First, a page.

When a country signs an international treaty, it is not the government but the state that is bound, and the obligation will stand until a subsequent government formally exits the treaty. Exit is presumed to be costly: a government that "repudiates" earlier treaty obligations will suffer reputational harm in its international relations. Moreover, this general background norm of international law applies as well to debt: a government can announce that it is renouncing debt, but it will suffer severe reputational harm in the debt marketplace, much as a government that repudiates public international law obligations suffers a reputational harm. Here, Ginsburg and Ulen talks about the odious debt and odious credit in relation to economic development and democratization.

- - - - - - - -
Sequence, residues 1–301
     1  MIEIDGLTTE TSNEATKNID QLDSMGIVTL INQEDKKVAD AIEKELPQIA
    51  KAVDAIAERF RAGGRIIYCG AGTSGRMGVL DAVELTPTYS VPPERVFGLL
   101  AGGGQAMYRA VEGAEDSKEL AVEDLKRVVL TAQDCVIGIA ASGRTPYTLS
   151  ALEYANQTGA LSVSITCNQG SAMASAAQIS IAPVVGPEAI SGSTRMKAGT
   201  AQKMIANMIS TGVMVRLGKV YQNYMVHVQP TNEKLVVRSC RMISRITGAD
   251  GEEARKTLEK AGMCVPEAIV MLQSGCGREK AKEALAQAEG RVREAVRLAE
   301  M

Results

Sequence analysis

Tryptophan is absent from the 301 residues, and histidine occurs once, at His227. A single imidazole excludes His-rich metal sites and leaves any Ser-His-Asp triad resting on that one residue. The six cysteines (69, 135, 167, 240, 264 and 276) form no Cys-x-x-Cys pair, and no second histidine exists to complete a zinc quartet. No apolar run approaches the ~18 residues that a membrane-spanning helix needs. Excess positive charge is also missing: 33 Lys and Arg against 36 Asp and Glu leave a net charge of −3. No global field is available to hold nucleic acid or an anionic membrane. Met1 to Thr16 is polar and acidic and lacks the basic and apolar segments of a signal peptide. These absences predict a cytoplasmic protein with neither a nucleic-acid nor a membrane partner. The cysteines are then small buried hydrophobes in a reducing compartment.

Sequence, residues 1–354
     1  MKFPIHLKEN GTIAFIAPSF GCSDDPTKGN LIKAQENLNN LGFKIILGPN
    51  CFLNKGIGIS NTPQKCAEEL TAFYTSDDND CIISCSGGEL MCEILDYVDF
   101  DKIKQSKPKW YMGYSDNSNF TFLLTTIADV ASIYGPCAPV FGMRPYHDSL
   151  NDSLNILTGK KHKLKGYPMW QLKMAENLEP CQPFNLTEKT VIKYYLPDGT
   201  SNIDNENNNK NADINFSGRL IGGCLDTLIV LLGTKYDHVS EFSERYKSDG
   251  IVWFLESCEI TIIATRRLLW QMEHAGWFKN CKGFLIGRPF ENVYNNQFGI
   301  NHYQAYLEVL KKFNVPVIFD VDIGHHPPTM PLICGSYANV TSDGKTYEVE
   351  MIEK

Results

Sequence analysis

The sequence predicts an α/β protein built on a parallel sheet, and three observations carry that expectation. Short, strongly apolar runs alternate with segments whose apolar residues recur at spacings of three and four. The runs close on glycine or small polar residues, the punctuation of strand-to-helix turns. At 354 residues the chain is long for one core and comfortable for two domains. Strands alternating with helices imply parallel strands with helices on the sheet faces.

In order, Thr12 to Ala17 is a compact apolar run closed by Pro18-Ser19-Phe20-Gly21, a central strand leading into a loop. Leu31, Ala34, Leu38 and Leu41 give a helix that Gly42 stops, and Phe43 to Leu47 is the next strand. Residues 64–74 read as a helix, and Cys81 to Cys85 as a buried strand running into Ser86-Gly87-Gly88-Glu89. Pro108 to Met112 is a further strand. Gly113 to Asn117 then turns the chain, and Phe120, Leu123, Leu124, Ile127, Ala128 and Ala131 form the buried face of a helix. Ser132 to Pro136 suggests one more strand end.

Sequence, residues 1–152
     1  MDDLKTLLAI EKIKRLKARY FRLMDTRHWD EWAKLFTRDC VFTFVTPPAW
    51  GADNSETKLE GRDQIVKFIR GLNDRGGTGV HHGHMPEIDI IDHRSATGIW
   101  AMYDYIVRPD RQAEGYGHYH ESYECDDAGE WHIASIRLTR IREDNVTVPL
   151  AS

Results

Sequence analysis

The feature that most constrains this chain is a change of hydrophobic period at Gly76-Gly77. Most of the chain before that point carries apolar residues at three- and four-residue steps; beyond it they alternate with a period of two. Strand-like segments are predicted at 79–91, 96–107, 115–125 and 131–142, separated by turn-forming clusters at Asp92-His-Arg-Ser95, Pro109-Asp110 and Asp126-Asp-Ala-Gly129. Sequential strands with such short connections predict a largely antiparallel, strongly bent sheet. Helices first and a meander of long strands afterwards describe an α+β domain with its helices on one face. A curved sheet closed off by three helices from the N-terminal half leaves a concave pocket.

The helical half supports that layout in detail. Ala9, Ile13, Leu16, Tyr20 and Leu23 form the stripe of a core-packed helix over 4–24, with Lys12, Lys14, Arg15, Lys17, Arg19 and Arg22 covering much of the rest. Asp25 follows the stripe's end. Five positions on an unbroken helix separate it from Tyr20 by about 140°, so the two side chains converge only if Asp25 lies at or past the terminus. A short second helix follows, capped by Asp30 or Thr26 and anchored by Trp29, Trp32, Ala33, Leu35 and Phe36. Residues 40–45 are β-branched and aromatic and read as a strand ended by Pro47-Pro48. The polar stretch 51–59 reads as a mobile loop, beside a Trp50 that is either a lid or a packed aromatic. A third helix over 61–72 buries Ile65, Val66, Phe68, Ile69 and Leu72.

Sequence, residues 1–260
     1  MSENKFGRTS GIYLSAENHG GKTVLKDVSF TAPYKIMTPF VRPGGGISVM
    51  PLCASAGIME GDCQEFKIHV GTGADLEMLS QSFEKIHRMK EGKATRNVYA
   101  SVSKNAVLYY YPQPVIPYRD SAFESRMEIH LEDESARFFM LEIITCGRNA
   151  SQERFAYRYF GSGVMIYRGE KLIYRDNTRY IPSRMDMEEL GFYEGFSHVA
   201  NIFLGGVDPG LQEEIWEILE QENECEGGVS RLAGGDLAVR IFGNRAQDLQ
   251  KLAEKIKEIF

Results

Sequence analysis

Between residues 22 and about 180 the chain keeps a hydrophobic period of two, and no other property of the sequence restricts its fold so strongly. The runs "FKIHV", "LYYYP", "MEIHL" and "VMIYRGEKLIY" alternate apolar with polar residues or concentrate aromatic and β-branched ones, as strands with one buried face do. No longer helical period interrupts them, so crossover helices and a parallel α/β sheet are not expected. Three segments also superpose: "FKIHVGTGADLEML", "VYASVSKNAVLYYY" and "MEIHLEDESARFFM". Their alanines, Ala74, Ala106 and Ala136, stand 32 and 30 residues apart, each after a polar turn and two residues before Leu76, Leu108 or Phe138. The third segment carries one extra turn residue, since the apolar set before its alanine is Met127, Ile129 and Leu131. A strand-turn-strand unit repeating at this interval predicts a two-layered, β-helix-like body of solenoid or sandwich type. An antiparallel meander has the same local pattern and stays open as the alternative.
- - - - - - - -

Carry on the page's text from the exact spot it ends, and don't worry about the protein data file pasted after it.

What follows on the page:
Tom Ginsburg and Thomas S. Ulen,
Odious Debt, Odious Credit, Economic Development, and Democratization,
70 Law and Contemporary Problems
Available at: http://scholarship.law.duke.edu/lcp/vol70/iss3/7